Database engines do not understand the contents of your tables. You can instruct them to set up a foreign key relationship between the
Users table and various other tables in the database, and they can enforce that - but the engine cannot automatically prevent a query from returning data that's tied to a different
UserId than the one that's stored in a variable or cookie or whatever, indicating who the person connected to your application is.
That's something that generally must be done specifically by the application. In most cases, I'd expect this to be done by giving the users of the application forms to fill out; from the input on the form, the application would build a query, including whatever business logic applied (like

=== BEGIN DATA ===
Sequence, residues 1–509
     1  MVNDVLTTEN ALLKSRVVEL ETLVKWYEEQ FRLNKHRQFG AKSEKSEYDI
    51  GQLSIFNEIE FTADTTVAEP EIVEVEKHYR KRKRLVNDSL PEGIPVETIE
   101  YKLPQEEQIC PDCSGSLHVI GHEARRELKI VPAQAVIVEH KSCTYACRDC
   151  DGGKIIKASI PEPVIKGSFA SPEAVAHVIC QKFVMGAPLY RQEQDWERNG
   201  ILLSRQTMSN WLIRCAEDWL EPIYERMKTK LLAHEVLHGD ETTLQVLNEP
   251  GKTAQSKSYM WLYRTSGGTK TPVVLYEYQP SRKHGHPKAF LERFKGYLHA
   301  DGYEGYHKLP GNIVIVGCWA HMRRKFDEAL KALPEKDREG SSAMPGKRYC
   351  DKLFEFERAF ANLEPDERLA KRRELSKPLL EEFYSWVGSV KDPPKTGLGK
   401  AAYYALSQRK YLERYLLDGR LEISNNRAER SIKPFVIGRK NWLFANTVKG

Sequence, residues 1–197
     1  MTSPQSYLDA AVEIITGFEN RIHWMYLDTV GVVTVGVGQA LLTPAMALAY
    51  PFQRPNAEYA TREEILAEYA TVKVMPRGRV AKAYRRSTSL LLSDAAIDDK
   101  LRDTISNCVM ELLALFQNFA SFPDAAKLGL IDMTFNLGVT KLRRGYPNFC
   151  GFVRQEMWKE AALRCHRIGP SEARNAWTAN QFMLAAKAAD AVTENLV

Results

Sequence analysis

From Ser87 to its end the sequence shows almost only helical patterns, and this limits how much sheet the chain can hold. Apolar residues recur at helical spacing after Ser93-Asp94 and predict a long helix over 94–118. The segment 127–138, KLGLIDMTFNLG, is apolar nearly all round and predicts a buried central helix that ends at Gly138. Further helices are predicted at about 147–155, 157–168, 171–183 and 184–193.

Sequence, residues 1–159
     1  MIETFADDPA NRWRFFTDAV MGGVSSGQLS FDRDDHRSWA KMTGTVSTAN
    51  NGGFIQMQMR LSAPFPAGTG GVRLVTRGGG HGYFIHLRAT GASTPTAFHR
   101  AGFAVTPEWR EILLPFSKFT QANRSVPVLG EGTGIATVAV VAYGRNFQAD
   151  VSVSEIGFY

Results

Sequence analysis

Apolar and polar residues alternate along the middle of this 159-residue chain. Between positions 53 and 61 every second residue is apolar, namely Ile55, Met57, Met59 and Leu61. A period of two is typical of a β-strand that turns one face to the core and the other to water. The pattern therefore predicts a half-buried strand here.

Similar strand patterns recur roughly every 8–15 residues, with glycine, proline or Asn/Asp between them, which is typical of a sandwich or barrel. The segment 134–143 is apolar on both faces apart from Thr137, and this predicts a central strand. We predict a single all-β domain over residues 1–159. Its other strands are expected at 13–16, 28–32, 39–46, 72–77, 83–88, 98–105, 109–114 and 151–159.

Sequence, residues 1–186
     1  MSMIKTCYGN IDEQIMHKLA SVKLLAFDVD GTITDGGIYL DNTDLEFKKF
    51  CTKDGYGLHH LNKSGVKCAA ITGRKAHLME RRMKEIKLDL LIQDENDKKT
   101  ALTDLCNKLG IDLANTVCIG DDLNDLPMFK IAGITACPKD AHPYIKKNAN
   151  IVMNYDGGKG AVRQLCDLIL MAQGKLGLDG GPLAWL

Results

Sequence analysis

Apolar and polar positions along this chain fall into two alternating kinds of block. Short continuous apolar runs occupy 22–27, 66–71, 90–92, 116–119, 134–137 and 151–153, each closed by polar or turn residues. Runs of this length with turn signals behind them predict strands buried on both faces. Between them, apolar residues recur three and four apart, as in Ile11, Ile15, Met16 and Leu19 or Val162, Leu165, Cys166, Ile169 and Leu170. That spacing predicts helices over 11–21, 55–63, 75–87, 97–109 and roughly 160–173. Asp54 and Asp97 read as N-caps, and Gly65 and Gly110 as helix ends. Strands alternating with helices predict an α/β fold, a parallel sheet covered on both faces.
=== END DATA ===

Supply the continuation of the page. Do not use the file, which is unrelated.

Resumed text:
UserId must match the ID value for the user running the query).
If you want to set up every user of your database as an actual database-level login, then some engines (can't recall if MySQL has this capability or not) allow for row-level security. However, this works with users and role set up in the database itself, not user accounts created in and managed by an application.